You'll have to wait four months if you want a Prius, Toyota Motor Co.'s first mass-produced hybrid. People were skeptical about the commercial viability of the car when it was introduced in 1997. Today Toyota can't meet the demand. The Tokyo automaker produced 300,000 in 2005 and plans to ramp production to 400,000 in 2006. The Prius gets 60 mpg in the city and 51 on the highway, according to the U.S. government.
Toyota has been leaning hard on its suppliers for more parts. Company executives denied speculation that the automaker has been locking up suppliers in order to maintain its domination over the hybrid market. Ford Motor Co. officials grumbled to the Wall Street Journal that they are having trouble getting hybrid parts because Toyota is squeezing the supply. Hybrids were effectively novelty vehicles until gas prices soared.
Engineers at Fuel Cell Energy have found a way to take advantage of a side reaction, unique to their carbonate fuel cell that has nothing to do with energy production, as a potential, cost-effective solution to capturing carbon from fossil fuel power plants.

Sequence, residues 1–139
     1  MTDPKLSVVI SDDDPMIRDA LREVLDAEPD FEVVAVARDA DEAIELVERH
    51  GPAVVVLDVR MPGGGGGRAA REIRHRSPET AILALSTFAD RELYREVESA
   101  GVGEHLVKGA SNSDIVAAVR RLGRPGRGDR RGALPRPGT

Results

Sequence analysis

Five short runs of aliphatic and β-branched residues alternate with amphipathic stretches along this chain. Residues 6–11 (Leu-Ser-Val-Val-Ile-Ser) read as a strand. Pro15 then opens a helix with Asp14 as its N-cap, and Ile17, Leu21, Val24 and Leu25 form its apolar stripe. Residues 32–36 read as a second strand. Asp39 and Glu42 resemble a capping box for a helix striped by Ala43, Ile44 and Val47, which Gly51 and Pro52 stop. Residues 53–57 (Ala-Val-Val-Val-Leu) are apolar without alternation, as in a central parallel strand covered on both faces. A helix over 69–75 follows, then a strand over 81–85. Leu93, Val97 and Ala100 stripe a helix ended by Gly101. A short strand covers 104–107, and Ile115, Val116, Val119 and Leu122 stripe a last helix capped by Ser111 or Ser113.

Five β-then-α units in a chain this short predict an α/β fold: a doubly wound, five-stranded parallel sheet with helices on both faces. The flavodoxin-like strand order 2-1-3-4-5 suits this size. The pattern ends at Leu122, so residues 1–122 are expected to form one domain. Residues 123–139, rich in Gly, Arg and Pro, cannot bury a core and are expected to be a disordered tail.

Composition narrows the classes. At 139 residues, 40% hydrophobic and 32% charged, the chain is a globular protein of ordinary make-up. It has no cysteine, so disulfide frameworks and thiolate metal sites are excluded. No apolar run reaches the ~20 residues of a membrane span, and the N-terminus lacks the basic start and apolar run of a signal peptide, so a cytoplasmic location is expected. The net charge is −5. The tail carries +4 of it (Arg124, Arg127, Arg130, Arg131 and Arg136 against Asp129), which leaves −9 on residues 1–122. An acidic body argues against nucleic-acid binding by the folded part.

This is part one of an article discussing the University of Washington’s nationally ranked FSAE electric car (eCar) and combustible car (cCar). Stay tuned for part two, tomorrow, which will discuss the four unique PCBs used in both the eCar and cCars.
Researchers working with additive manufacturing have said multimaterial techniques will allow industry “to fabricate materials with combinations of density, strength, and thermal expansion that do not exist [yet].”
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